Commercial abalone production intensifies
By Chris Dove, SeafoodSource contributing editor, reporting from Malaga, Spain
01 March, 2013
Sales of the world's most expensive seafood — abalone (sea snail, ormer, Haliotis) — increased over Christmas, reported Spanish TV broadcaster RTVE. It attributed the increase to a developing appreciation for the shellfish, traditionally enjoyed by English and French coastal communities, with people paying “astronomical prices” for its flavorsome, delicate meat.
On concluding its 18 to 21-month commercial farm trials in western France, southwest England and Jersey, Channel Islands in 2010, the International Abalone Society’s (IAS) project SUDEVAB recorded the best abalone growth in France and best biomass gain per square meter of available habitat was obtained in offshore ORTAC (cylinder) cages.
French abalone production represents some 100 metric tons (MT), largely from fisheries on northern Brittany shores in the northwest. Based in Plouguerneau, France Haliotis is the first abalone farm worldwide to gain organic certification, selling live 6-7 cm sea-bred abalone at EUR 69 (USD 90) per kilogram.
According to Managing Director Sylvain Huchette: “French abalone aquaculture is only kicking off this year, 2013, with 15 MT of product on the market. The industry has taken eight years to establish and now has good prospects for rapid development.”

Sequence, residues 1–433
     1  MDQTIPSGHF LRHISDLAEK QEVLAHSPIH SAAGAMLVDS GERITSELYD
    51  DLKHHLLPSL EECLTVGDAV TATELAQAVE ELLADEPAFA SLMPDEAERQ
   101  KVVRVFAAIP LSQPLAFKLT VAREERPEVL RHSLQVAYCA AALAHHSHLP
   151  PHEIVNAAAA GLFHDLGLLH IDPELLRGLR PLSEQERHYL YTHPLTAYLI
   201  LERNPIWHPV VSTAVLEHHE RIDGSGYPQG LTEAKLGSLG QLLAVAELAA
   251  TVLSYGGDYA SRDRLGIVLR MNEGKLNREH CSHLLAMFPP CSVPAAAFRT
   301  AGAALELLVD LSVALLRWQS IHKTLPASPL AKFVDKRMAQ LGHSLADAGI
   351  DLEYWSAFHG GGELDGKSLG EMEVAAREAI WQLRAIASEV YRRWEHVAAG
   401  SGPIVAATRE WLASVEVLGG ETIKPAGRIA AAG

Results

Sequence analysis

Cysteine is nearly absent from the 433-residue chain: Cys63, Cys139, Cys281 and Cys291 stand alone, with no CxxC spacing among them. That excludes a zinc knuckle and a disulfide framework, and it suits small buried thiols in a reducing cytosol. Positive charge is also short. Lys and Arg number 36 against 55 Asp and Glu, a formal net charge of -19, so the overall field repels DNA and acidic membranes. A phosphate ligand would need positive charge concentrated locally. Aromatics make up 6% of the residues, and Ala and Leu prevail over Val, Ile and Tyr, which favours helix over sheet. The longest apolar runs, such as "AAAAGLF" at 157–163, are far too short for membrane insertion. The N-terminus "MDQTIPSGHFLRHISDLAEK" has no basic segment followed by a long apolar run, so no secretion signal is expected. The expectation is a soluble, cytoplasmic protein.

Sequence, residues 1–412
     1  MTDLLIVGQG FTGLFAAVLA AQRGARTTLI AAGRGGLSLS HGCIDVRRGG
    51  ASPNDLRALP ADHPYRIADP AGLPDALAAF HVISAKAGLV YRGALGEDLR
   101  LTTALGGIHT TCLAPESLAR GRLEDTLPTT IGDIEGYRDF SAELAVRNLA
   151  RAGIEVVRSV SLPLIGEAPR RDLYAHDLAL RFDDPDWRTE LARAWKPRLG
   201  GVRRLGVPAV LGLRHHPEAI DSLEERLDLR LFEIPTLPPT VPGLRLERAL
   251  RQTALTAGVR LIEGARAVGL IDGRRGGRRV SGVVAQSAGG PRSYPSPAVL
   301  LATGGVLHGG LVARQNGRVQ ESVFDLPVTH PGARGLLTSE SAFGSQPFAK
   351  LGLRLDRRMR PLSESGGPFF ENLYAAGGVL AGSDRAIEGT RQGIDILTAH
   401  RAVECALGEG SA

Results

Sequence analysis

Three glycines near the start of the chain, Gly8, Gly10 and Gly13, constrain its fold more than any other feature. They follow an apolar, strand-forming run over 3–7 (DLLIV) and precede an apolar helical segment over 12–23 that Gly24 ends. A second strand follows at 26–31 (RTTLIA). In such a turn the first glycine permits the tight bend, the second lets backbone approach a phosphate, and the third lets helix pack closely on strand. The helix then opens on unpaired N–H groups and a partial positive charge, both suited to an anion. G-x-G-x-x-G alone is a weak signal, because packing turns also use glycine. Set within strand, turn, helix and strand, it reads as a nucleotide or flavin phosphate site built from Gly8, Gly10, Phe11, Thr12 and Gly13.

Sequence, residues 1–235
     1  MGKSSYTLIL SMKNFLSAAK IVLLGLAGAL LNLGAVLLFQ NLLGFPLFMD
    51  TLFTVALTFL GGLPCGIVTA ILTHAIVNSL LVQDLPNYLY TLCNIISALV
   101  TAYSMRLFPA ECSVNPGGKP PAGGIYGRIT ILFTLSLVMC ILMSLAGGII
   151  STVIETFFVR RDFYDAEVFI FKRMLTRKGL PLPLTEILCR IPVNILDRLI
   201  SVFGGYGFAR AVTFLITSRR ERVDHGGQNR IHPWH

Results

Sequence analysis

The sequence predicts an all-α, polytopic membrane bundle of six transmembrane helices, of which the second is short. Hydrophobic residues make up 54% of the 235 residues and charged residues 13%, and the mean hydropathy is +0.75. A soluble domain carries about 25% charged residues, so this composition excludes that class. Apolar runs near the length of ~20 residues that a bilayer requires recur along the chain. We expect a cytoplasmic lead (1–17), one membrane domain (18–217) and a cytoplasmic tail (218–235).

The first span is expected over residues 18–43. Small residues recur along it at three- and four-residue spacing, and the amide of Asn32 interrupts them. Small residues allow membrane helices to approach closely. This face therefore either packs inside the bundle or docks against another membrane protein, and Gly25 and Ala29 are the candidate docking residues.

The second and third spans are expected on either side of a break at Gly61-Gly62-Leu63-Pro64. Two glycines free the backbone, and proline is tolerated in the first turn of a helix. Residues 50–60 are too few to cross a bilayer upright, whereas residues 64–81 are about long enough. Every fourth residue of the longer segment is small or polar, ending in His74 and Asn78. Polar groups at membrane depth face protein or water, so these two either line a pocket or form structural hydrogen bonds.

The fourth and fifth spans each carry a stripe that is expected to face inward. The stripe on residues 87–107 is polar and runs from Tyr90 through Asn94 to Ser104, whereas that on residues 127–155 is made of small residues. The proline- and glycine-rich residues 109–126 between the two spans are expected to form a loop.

Farmers are developing new sustainable techniques: the largest farms, France Haliotis and Les Coquillages du Phare, use cages at sea for abalone fed on hand-picked seaweed from local shores. No fishmeal, pharmaceuticals or fertilizers are used.
Production in Jersey, Channel Islands is small at present, but at Jersey Sea Farms in St. Martin, Managing Director Tony Legg explained the lessons learned from other farmed species. “The main development for us has been the completion of trials of the ABBLOX farming system — a cubic meter container, each of which can rear up to 50 kilograms of European abalone in open sea conditions. Linking this with the drive by salmon farmers to attain sustainable integrated multi-trophic aquaculture, this seaweed-eating species has a high wholesale value and is starting to generate serious interest.”
Under the Irish Sea Fisheries Board National Development Plan 2007-13, seaweed farming is itself a significant industry required to produce the 2,000 MT of raw material each year to feed abalone and urchin culture.
The Board’s Marine Research Sub-program supports abalone farmers looking to start seaweed culture to satisfy abalone’s dietary needs. With domestic abalone valued at EUR 56 (USD 73) per kilogram ex-farm, seaweed is a continuous, high quality, daily dietary supply.
Two new Irish farms planned to start production this year should match French volumes by 2016.
01 March, 2013